DUP education spokesman Mervyn Storey has noted that more than 400 children from the Republic attend schools in Northern Ireland whilst the figure for children travelling in the opposite direction is much lower.
Minister for Education John O’Dowd has been challenged to produce the report into the number of pupils who cross the border for education.
The research was carried out over a year ago and the findings had been expected to be released at a North-South Ministerial Council meeting in February.
However, this did not happen and the minister has said the council must first consider the survey and authorise publication.
Mr Storey said he accepted that some degree of cross-border travel for schooling will inevitably take place, and is a “sensible option” for a child whose closest school is in a different jurisdiction.
“It is also an issue of parental choice, but what has never been revealed is the cost to the public purse in Northern Ireland.
“Parents from the Republic of Ireland have made it quite clear that there is a financial element in their decision making, with the costs of books and other items cited as reasons for sending children to school in Northern Ireland.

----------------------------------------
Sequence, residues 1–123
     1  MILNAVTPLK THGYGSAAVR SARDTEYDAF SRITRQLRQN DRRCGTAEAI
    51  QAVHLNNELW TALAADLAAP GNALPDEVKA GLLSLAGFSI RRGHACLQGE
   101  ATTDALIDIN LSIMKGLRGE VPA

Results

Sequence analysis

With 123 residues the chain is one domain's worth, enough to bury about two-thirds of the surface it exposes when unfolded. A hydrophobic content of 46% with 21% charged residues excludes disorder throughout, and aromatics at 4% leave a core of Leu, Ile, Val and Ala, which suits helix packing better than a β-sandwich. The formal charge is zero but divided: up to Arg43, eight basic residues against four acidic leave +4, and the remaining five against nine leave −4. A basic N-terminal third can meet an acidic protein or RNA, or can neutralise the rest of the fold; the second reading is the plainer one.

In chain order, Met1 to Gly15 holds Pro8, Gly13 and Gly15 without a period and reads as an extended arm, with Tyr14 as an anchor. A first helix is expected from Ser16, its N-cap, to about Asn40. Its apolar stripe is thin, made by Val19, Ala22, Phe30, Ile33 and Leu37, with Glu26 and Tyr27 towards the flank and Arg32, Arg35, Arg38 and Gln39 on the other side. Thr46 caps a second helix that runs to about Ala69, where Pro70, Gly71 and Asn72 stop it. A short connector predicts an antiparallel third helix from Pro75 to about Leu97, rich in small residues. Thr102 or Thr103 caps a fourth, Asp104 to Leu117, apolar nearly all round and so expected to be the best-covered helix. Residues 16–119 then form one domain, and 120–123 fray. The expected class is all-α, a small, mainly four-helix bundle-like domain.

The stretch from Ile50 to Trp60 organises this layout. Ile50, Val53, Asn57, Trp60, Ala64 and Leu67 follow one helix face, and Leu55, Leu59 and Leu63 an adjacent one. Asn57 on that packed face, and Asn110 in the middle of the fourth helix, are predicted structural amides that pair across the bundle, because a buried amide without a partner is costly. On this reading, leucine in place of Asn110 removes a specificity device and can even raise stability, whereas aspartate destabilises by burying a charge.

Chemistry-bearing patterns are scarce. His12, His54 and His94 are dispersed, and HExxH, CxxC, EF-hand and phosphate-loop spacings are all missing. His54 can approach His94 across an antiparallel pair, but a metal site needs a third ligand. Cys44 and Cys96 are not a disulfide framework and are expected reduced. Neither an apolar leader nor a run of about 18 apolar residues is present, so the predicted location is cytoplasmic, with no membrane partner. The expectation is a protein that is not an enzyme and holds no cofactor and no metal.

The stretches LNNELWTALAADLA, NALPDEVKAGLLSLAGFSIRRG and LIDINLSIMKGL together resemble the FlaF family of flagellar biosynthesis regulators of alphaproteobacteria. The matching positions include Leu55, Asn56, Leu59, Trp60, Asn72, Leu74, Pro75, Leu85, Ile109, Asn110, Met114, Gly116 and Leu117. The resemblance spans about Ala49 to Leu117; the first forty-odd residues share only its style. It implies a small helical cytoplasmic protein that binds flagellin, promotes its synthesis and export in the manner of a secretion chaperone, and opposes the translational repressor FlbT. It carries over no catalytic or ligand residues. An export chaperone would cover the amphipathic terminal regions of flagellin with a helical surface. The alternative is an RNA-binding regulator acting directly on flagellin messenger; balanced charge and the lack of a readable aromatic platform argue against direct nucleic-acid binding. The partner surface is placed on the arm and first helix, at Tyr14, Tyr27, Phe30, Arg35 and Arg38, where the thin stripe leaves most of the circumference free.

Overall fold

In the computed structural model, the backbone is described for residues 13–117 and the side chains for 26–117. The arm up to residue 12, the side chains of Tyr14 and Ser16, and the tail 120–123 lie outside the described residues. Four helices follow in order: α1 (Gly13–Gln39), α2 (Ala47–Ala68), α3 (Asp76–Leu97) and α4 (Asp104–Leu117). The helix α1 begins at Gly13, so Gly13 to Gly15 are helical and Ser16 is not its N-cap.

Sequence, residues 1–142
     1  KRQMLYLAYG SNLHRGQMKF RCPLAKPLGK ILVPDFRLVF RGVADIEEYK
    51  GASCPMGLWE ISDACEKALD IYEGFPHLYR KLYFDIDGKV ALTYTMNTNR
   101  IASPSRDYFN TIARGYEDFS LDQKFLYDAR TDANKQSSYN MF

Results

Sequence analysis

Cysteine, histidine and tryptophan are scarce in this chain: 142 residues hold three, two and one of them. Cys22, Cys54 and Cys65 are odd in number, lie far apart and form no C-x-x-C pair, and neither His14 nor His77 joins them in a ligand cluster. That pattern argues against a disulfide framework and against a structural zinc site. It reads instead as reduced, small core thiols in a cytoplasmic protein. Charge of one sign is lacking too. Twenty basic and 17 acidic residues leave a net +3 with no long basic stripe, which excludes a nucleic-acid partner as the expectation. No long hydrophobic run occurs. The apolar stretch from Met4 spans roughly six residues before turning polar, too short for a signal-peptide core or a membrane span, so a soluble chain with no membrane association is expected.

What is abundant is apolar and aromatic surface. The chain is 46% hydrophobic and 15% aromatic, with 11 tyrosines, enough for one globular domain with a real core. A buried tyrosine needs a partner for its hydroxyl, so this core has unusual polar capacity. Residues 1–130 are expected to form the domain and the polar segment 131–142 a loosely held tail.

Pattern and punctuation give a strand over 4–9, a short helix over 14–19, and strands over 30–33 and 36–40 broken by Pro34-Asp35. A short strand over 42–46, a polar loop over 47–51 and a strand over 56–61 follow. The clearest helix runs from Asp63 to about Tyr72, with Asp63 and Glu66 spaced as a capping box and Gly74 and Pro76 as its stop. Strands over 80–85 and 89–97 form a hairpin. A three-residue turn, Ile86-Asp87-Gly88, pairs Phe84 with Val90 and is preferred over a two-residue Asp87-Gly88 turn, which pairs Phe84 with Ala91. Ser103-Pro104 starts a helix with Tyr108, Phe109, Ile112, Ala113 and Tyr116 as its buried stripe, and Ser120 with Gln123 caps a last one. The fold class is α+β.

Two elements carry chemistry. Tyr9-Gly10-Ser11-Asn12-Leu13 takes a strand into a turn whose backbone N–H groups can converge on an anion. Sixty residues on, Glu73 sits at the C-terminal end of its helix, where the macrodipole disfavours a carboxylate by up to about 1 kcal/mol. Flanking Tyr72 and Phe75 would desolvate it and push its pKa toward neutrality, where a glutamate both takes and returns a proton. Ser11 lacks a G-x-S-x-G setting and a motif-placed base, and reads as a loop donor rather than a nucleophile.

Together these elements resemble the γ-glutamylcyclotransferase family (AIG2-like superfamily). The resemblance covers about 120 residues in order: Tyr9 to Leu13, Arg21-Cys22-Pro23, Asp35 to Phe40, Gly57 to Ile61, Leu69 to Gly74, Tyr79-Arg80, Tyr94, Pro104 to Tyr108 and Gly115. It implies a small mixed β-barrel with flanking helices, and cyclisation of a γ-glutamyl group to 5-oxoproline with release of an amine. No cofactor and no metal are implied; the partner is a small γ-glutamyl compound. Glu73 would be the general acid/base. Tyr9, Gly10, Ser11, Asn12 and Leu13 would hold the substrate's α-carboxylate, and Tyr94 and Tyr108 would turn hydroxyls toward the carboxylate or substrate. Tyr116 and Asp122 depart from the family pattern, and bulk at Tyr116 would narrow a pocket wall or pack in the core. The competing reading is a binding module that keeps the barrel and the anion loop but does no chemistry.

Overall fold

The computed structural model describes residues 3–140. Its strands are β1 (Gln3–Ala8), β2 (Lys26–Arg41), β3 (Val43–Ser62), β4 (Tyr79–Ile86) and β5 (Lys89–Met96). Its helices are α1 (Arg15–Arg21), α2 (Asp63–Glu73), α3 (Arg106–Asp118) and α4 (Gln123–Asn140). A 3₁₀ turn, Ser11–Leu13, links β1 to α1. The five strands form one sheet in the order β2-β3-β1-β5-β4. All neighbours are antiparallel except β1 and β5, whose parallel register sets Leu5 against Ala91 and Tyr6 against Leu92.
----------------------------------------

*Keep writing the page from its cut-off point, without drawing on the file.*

“We have a situation in health where patients from the Republic can receive treatment in Northern Ireland, but the Irish government reimburses the cost.
“There should be a similar arrangement for education so the Northern Ireland public are not disadvantaged through having a more generous education system on this side of the border.
“My question to the minister for some time has been how much this is costing the Northern Ireland taxpayer. The minister has also not published the survey into schooling in border areas and he must tell us why.”